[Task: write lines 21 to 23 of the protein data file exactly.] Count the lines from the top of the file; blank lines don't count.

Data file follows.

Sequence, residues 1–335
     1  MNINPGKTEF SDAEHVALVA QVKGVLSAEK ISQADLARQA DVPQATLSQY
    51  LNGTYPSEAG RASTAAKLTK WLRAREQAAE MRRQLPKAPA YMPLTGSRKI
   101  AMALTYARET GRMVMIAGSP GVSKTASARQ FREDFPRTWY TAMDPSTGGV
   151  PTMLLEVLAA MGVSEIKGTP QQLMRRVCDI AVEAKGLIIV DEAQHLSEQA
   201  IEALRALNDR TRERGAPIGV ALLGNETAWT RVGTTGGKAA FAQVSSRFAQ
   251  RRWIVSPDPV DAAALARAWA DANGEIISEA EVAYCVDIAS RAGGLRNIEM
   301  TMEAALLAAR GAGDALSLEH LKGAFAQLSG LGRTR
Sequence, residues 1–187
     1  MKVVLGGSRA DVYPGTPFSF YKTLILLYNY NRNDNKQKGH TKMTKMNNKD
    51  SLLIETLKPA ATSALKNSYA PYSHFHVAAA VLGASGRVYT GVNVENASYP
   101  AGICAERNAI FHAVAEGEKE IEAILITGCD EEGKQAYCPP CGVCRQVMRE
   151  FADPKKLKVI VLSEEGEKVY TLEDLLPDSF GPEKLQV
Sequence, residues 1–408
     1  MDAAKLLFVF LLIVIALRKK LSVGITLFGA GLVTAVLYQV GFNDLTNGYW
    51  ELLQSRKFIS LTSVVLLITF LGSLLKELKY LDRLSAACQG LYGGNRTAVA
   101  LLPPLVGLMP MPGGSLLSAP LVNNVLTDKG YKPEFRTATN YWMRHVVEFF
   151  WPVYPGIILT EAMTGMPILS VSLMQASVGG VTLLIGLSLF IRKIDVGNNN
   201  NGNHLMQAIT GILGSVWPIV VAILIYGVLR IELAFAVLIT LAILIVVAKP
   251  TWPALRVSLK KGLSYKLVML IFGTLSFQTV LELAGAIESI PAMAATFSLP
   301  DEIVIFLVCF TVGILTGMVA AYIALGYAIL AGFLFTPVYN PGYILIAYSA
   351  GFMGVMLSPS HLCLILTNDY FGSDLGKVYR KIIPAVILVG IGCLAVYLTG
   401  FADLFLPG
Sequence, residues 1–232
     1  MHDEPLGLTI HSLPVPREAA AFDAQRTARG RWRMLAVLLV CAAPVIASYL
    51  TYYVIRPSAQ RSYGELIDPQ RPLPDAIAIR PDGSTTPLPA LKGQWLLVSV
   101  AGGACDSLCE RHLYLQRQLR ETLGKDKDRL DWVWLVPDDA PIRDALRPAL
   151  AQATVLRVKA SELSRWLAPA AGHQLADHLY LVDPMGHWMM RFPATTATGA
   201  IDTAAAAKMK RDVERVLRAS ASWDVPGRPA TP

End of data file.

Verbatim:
   301  DEIVIFLVCF TVGILTGMVA AYIALGYAIL AGFLFTPVYN PGYILIAYSA
   351  GFMGVMLSPS HLCLILTNDY FGSDLGKVYR KIIPAVILVG IGCLAVYLTG
   401  FADLFLPG